Thursday, January 12, 2012


As I posted on Tuesday night, it is being a bit over-stated. Philip Klein of the Washington Examiner does some math:

When you eliminate independents and Democrats from the 2008 equation, actual registered Republicans made up 61 percent of the roughly 239,000 votes cast in the GOP primary, putting the turnout among Republicans at around 145,790. But last night, actual Republicans only comprised 49 percent of the electorate, according to exits. Even if we round up the final 2012 turnout number to 250,000, which would be slightly higher than current projections, that would only leave actual Republican turnout at 122,500, which would represent a 16 percent drop.

Now obviously, there are a number of caveats involved. More and more voters are identifying as independent, especially in New Hampshire, even though they typically behave in a partisan matter. And perhaps disaffection with Obama also led to a spike in turnout among Democrats and true independents. But either way, this is worth keeping in mind when you hear reports of the "record" turnout. From my observations, Republican events have been generally low energy both in Iowa and New Hampshire, especially when compared with what we saw on the Democratic side in 2008.

So, Romney did well in New Hampshire, yeah. But it is (one of) his home state(s) and it is a primary in which just 28% of the electorate was evangelical. 60% of caucus-goers in Iowa were evangelicals and in South Carolina? Probably about 60%.

I'm not saying Romney is going to lose the nomination. He's not. He will be the nominee. But there are still two things at stake: 1) Will Romney be forced to work for the nomination, expend resources, and take fire? 2) Are Republicans going to be enthusiastic about their nominee?

These numbers from New Hampshire tell me (and I'm having trouble convincing people of this) that Romney is still going to face some bumps in the road and that Republicans are not feeling "Mitt-Mentum" just yet.

UPDATE: 3 polls are showing a very close race in South Carolina. 2 of them are from pollsters I don't trust (ARG and Insider Advantage) at all. But PPP is a VERY good pollster and they've got the race tight. So, Mitt is in for a bumpier ride than the really poor analysis done on New Hampshire Primary Night suggested. Again, Mitt is going to be the nominee. But he's going to have to take some more lumps before it is over.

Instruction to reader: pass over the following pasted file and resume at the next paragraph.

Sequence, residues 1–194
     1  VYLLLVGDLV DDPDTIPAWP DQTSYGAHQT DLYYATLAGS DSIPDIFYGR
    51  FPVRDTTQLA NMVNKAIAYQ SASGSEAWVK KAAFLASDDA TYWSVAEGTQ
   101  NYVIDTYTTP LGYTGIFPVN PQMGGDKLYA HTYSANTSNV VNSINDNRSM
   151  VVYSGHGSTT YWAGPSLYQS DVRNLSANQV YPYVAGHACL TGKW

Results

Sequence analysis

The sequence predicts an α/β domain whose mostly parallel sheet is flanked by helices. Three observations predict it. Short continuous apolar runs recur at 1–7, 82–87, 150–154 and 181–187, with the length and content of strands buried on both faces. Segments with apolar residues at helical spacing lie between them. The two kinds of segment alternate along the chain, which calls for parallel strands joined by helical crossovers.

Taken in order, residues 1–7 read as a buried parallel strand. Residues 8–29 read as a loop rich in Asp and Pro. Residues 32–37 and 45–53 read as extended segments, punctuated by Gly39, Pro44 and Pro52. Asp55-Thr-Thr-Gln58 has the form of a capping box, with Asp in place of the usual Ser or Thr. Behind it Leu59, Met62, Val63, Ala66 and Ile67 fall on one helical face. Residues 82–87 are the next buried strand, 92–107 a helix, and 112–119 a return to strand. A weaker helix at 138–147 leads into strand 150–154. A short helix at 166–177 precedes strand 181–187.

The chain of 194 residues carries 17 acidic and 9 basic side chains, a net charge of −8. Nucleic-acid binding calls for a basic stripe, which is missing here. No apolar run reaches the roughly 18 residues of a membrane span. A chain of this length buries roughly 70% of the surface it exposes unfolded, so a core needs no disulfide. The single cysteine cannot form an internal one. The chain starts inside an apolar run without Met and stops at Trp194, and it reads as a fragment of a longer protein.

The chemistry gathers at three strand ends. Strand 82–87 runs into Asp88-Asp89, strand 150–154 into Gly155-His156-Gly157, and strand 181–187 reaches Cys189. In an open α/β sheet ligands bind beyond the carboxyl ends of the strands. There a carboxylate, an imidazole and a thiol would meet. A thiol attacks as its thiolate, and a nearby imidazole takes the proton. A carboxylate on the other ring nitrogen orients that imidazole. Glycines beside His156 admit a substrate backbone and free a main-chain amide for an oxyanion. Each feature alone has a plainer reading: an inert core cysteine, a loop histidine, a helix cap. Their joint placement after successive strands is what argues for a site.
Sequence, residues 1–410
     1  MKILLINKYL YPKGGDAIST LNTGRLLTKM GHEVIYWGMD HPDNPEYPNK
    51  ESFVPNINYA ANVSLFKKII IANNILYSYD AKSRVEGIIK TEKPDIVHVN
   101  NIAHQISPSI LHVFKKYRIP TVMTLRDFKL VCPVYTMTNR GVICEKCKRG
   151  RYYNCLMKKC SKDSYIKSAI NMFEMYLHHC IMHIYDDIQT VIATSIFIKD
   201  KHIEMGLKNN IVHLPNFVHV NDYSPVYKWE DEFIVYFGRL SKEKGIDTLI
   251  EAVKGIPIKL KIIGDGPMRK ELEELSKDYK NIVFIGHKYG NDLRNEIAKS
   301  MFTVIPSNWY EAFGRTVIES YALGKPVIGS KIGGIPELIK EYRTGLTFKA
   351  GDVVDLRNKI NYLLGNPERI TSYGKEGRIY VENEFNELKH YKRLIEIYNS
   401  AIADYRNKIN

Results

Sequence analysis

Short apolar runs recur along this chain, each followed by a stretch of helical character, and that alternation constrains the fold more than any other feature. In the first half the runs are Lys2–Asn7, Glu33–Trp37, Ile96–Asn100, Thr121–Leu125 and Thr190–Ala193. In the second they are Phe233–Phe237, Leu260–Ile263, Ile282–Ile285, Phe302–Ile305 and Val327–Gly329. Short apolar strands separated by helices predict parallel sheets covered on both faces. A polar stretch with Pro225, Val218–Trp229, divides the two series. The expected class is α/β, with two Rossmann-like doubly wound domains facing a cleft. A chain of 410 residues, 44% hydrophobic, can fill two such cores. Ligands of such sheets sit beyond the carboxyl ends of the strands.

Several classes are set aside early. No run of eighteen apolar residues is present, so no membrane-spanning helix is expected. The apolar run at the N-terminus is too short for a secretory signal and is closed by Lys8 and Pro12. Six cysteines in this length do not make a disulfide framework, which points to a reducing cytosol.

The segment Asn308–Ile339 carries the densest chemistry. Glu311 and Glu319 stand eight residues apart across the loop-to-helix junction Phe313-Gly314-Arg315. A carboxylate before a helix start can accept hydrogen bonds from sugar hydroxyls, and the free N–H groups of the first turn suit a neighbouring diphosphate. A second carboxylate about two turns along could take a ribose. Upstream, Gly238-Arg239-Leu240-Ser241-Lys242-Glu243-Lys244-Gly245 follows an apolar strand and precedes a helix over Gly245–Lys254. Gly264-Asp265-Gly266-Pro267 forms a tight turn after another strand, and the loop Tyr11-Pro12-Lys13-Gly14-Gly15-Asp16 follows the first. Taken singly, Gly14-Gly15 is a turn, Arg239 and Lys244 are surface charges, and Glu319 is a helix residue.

Jonathan Keller said...

Two quick things:

1) I'm a little bit confused re: why you are having trouble convincing people that Willard will encounter some "bumps in the road." I mean, of course he will! It's just a matter of degree -- i.e. will they be double black diamond moguls, or small hills? In other words, I don't think he has much to worry about, unless he loses *both* SC and FL. I mean:

a) Looking at the calendar, after FL I'd expect him to cruise in at least 4 of the 8 contests before Super Tuesday (ME, NV, MI, AZ).

b) Who can realistically compete w/ him on Super Tuesday?

2) Secondly, related to #1, I think it's a completely open question, re: whether having a drawn out primary season would ultimately benefit or harm Mittens:

a) It clearly helped Obama, in several ways that are obvious.

b) Yes, Willard '12 is not Obama '08, for reasons we've discussed many times (image tarnished, waste $$, and most importantly, dragged right, making the tack back to the middle harder than if he wraps it up quickly, and can "ease it over" nice and slowly, instead of having to elbow back over at 90 degrees). But on the other hand, the longer the campaign goes on, the longer the Republicans have to build the enthusiasm you correctly point out is lacking right now. How many hundreds of thousands of new voters did Hillary and Obama's campaigns register in 2008, in large part because the campaign went all 15 rounds?

Larry Becker said...

Romney won't lose Florida under any circumstances as nobody has money to compete there and the same goes for the Super Tuesday states. Romney could lose South Carolina in theory but Gingrich, Santorum, and Paul are going to split up the anti-Romney vote and my guess is Romney wins South Carolina at this point. As I said in the post, Romney will win the nomination.

On the question of Republican enthusiasm, that is really not the issue. Republicans will enthusiastically vote for Romney in the Fall no matter what. The question is what will Romney be forced to do to make that happen? How much will he have to tack to the right? How much money will he have to expend wrapping up the nomination? How many hits (like Bain) will he take along the way?

The impression is hardening (see SNL last night) that Romney is a rich guy who is out of touch and even thinks it is good to fire regular people. The more that hardens now (with Republicans helping it along for instance) the harder it will be for Romney to win over indies he needs to win in the Fall